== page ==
The IRS has specific rules
for the claiming of a child or a qualifying relative as a dependent. From a reading of these requirements, you can determine if you can claim your dependent as a qualifying child or as a qualifying relative. Whether or not they have a tax lien against them does not matter in deciding whether you can claim them as a dependent.
The IRS will not accept someone claiming a child as a dependent unless these rules are met. The person who is NOT entitled to claim the dependent will have their tax return changed, and possibly audited. The IRS computers match almost perfectly for checking doubly claimed dependents.
The IRS offers a publication that specifically states the requirements for claiming a child as a dependent:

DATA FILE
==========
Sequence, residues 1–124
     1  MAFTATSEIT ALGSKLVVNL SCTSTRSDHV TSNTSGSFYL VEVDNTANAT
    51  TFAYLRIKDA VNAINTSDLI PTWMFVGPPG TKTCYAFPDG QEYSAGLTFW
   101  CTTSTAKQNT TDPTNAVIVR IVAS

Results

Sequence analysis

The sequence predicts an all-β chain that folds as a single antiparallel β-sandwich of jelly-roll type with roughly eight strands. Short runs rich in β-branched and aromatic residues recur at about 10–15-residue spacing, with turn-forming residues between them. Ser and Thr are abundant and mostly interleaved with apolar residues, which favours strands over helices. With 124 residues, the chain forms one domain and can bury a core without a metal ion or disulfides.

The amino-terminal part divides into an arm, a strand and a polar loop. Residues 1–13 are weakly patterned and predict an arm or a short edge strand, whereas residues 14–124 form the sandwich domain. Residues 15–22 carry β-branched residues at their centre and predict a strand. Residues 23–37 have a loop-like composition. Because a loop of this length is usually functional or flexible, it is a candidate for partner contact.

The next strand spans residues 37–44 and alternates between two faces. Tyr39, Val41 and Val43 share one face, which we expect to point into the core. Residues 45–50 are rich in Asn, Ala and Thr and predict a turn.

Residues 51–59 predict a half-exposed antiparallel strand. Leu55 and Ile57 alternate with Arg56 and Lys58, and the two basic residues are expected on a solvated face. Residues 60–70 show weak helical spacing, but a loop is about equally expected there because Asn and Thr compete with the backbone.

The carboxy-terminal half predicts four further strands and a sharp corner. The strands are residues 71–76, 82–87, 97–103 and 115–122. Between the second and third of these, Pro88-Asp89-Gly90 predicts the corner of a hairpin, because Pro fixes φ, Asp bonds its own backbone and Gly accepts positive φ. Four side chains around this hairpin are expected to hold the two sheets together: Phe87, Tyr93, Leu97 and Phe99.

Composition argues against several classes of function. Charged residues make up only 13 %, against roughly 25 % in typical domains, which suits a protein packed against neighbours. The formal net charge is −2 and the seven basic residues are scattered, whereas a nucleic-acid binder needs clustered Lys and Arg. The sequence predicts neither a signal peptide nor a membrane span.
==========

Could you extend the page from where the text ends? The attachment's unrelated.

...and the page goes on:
(See "Qualifying Child" section)
Here is an article summarizing the IRS publication:
The key points are - under the qualifying child rules, the child must live with you for more than half the year. Under the qualifying relative rules, the taxpayer must provide more than half of the dependent's total support.
If your claim of the relative as a dependent is legitimate and in accordance with the rules, the tax lien won't matter. And if your claim is NOT within the rules, your claim will eventually be denied, with possible interest and penalties, and again the tax lien won't matter.
Hope these thoughts help.